Starlight Girls’ Debut LP: “It was the product of our dreams. Our nightmares.”

Although the debut LP from Brooklyn’s Starlight Girls doesn’t drop until later this month, the band’s presence has been strong in the indie world for a few years now. ...

Although the debut LP from Brooklyn’s Starlight Girls doesn’t drop until later this month, the band’s presence has been strong in the indie world for a few years now.  They’ve released an EP and a 7” and shared stages with some of our favorite slightly-subversive pop stars of recent years, like Kate Nash, Lucius, and Crystal Fighters.  They’ve even hit up Philly a handful of times already.

Starlight Girls’ debut full-length, Fantasm, is out October 13th, just in time to be the perfect soundtrack for a Halloween dance party.  In all honesty, I’m having a hard time not characterizing Starlight Girls’ latest sounds as Disco Goth… It’s reminiscent of that time in the late ‘70s and early ‘80s when morose, poetic badasses weren’t afraid to dance and whose style (sonic and otherwise) was often reminiscent of a postmodern cabaret… I recently got a chance to chat with the band, who prove to be just as amusing, engaging, and clever as their tunes would suggest.

Izzy Cihak: So since this is a Philadelphia-based publication, I’m curious your thoughts on the city: Any particular favorite things about Philly or favorite experiences? You’ve played here a few times now.

Josh Davis: The sandwiches. The good sandwiches.

Sara Mundy: Some real good cheesesteaks.

Josh: They make the best cream cheese.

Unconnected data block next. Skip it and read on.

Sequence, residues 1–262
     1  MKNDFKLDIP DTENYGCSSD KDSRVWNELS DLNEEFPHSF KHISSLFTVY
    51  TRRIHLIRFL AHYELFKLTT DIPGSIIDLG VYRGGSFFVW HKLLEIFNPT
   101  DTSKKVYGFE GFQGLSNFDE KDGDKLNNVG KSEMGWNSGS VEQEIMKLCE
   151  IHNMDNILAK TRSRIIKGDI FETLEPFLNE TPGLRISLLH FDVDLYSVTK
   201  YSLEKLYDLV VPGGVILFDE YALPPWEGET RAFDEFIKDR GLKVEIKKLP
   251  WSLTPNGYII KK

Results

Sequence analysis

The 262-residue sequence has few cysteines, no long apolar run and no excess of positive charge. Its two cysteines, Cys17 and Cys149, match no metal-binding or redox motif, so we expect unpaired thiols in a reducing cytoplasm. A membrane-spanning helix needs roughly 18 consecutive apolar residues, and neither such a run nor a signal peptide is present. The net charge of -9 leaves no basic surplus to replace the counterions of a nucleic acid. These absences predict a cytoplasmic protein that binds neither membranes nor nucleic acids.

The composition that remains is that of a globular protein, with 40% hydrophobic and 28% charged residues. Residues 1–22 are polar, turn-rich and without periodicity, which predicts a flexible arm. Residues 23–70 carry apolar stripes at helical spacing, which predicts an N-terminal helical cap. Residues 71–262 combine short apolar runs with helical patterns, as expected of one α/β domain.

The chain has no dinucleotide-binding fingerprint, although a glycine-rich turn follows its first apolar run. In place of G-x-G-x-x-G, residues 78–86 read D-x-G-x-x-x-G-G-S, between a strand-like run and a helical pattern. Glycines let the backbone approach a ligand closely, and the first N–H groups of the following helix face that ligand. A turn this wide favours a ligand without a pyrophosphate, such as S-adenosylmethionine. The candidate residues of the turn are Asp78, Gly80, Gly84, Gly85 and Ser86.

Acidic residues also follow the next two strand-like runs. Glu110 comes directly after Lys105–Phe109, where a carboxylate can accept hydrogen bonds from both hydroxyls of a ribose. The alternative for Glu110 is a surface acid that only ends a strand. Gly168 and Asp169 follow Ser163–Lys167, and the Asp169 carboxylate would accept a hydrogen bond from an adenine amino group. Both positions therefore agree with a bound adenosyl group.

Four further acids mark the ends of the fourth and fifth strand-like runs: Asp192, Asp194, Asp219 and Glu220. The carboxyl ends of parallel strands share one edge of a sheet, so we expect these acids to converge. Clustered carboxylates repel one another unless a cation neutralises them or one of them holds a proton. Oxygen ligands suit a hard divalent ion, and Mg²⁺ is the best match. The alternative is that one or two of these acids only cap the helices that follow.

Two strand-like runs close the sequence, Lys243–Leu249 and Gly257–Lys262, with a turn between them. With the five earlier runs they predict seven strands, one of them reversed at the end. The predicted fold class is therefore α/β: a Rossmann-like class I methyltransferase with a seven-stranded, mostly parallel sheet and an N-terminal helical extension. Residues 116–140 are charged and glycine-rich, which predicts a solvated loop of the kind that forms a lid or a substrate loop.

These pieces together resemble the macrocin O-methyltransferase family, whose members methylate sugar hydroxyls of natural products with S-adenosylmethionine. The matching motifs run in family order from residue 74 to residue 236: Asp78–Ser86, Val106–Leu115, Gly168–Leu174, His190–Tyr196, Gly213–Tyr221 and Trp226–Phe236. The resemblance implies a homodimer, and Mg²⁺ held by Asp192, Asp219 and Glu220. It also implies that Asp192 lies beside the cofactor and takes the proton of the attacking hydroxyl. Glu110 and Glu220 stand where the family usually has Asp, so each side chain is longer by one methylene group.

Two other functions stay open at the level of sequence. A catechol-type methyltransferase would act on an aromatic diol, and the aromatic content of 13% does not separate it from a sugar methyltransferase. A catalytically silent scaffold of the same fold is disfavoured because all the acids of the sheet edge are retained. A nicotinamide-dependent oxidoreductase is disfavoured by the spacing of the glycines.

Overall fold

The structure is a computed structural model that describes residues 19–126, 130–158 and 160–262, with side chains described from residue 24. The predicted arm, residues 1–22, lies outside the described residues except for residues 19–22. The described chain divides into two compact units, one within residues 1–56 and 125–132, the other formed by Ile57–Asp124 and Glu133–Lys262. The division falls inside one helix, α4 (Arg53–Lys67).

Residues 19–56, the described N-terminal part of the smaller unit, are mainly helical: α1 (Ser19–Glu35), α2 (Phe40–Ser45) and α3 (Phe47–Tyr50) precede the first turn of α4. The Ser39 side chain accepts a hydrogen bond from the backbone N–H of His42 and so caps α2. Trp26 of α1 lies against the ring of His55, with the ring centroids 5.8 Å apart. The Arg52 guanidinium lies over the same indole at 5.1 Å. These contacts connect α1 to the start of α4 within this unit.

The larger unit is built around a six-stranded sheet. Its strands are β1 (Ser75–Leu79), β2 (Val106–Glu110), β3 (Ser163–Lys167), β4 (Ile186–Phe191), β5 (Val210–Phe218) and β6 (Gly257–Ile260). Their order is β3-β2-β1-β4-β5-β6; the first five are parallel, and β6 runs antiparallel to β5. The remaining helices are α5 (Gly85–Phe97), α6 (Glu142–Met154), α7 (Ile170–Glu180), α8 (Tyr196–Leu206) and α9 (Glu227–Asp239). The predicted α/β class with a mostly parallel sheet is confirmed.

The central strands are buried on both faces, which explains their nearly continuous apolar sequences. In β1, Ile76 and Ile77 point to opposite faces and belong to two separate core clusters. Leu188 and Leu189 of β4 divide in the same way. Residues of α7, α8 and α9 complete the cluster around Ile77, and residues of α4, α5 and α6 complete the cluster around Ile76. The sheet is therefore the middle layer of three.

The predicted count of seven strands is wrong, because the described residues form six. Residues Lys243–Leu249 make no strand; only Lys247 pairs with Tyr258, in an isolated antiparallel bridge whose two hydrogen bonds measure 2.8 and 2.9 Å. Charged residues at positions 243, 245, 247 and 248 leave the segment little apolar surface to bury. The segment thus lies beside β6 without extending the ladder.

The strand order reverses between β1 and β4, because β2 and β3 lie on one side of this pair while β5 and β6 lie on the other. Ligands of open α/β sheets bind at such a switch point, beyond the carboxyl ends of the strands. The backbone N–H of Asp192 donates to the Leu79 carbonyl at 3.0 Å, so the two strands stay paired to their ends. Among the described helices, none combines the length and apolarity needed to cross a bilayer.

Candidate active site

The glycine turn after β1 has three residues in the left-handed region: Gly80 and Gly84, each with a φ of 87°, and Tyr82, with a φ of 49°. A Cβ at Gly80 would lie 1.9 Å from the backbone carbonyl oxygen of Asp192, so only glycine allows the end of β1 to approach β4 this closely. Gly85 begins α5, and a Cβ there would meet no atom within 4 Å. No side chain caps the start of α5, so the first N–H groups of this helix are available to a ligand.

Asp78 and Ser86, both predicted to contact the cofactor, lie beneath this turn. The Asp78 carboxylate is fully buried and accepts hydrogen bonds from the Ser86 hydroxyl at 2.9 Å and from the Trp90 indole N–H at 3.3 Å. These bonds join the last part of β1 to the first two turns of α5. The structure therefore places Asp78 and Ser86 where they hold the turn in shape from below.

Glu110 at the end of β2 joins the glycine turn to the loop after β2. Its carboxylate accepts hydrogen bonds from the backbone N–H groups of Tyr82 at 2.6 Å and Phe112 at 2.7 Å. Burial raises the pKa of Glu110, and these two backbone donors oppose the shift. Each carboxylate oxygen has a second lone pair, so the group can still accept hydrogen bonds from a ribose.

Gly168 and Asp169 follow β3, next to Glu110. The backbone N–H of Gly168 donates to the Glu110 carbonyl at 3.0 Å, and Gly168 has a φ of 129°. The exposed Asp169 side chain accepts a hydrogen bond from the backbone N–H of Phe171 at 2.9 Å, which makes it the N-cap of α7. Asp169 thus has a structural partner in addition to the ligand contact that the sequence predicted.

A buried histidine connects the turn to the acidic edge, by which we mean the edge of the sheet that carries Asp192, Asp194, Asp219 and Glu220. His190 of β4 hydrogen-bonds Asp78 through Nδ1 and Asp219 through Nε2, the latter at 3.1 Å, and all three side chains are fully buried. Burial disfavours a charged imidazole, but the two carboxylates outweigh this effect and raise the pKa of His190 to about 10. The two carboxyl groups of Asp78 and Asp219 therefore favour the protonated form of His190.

Sara: We played an awesome show at North Star Bar.

Christina B: And a few great ones at MilkBoy.

Josh: People in Philly like to have a good time and support the arts. It’s one of the most art-rich cities on the East Coast.

Christina: It’s like the Paris of Pennsylvania.

Shaw Walters: And we had a pretty epic pool party at our friend’s house.

Tysen Arveson: That was the best part.

Shaw: Played some Whiskey Slaps.

Izzy: And I apologize for being super general, but what have been some of the highlights of the band so far?  You’ve played a lot of really cool bills, been a ton of places, and garnered a lot of great critical acclaim.

Shaw: Playing with Lucius, that was great. Hanging out with Crystal Fighters in the Sziget Festival in Budapest was pretty awesome. They gave us all their booze.

Josh: And their assorted meats.

Tysen: That was great. Wait, the oxygen and massage chairs.

Christina: Playing with Sharon Jones.

Shaw: Hanging out backstage with Sharon Jones for like an hour.

Christina: Smokin’ a doob.

Tysen: Smokin’ a doob.

Sara: I didn’t hear this story.

Shaw: Sharon Jones is awesome. What a cool chick.

Izzy: Have you noticed any patterns in the kind of people who seem to best “get” or be most into your work?  Does there seem to be a certain kind of person who most regularly turns up to the shows?

Sara: Forty year-old men.

Shaw: A high concentration of people who like us on Facebook are males from India who list “sex worker” as their occupation.

Christina: A lot of hot chicks come to our shows.

Sara: That’s true.

Shaw: Lots of hot chicks and old men. Hot single chicks…

Tysen: And rich old men.

Izzy: Although you’ve been a band for a while now, your debut LP, Fantasm, is still set to drop.  How do you feel like the album compares to previous releases, whether in terms of your sound or just your process of writing and recording together?

Shaw: This is our fucking masterpiece.

Tysen: I give this guy credit for asking decent questions.

Shaw: You know, this is our first full-length, but it’s kind of like most of our stuff. We spent a lot of time working on these songs. We recorded it ourselves. We put a lot of time into it.

Sara: This one was done right.

Izzy: What would you consider to be the album’s most significant influences, both musical and otherwise?

Tysen: Ayahuasca documentaries?

Christina: I was into Michael Jackson a lot working on this album.